I also went to hear Martin Cothran talk about G.K. Chesterton (do you see a theme here) and the Metaphysics of Amazement.  His idea is that the modern world requires everything to be proven by science, there can be nothing not explainable like God. Cultivating imagination is a great way to cultivate faith. He is a prolific book recommender, so here comes a great list of books I'm going to work to add to my collection.

The Everlasting Man

The Everlasting Man by G.K. Chesterton


Orthodoxy by G.K. Chesterton

Chance or the Dance

Chance or the Dance by Thomas Howard

The Reenchantment of the World

The Reenchantment of the World by Morris Berman

The Restitution of Man and a Case against Scientism

Restitution of Man by Michael Aeschliman

Time of Need

Time of Need: Forms of Imagination in the Twentieth Century by William Barrett


Heidi by Johanna Spyri - This is a great example of what happens when a soul is surrounded by artificial things.  Our souls become alienated, and we are orphans to nature.

The Natural History of Make-Believe

The Natural History of Make Believe by John Goldthwaite - Mother Goose wakes up our soul and helps us see the world.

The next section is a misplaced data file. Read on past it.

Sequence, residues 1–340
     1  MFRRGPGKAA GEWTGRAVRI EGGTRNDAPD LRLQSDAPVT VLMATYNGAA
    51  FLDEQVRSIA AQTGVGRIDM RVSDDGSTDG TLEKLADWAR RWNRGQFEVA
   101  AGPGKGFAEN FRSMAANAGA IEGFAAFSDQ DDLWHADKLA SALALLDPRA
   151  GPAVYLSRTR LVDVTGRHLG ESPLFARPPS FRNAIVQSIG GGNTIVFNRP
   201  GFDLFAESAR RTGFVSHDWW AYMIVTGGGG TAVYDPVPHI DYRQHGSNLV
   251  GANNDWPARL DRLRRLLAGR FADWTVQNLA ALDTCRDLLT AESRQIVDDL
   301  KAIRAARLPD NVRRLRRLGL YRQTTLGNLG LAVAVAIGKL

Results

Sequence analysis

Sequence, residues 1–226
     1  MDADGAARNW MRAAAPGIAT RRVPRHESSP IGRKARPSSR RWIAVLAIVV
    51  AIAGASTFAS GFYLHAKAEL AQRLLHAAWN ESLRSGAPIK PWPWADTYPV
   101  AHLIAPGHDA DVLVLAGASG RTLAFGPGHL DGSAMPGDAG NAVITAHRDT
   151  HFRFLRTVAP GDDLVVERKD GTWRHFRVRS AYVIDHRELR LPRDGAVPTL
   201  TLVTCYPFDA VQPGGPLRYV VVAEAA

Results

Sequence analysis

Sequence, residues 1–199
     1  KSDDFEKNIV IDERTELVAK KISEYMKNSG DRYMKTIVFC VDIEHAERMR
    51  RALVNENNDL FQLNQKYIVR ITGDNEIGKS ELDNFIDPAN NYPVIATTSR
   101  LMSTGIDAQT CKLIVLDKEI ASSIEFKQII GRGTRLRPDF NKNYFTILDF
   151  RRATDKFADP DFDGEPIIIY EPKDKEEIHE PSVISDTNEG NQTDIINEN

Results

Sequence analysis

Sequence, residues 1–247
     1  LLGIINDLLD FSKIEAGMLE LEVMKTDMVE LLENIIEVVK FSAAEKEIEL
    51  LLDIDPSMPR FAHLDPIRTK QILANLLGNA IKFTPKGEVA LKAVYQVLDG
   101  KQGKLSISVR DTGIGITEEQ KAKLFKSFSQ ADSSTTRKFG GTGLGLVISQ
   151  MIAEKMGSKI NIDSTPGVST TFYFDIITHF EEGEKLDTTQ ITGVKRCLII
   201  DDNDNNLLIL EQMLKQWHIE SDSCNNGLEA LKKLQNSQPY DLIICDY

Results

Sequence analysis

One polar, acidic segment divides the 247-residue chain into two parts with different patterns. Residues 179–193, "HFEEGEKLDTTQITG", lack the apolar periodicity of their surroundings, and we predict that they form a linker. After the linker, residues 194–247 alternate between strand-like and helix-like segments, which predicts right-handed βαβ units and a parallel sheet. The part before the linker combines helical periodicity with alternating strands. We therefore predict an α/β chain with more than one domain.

The Complete Nonsense of Edward Lear

The Complete Nonsense of Edward Lear

The Golden Key

The Golden Key by George MacDonald

The Princess and the Goblin

The Princess and the Goblin by George MacDonald

Christian Classical Education Recommendations:

three great classics

If you want to learn the values of the Greeks, read the Iliad and the Odyssey.

The Iliad

The Odyssey

For learning Roman values, read Virgil's Aeneid.

The Aeneid

The Divine Comedy

The Complete Works of William Shakespeare

For learning Christian values, read:

Dante's Divine Comedy

Shakespeare's Writings

The King James Bible


Christopher Perrin's Recommendations

Christopher Perrin of Classical Academic Press spoke on the Art of Teaching. I can't wait to read this one:

The Art of Teaching

The Art of Teaching

Dr. Carol Reynolds' Recommendations

If you've never sat under Dr. Carol Reynolds, you are missing out.  She is an amazing wealth of information, and she can help you redeem your own education with her online courses. There is a great subscription plan that you can access all of her classes for a small monthly fee.  I'll be signing up this summer to feed my soul. I can't wait.


Totto-Chan: The Little Girl at the Window - I've just started reading this one and it is fascinating. It is a true story following the education of a little Japanese girl who is curious and attends a school that fosters a love of truth, goodness, and beauty.

Beauty - a Very Short Introduction

Beauty: A Very Short Introduction by Roger Scraton

The Queen of Spades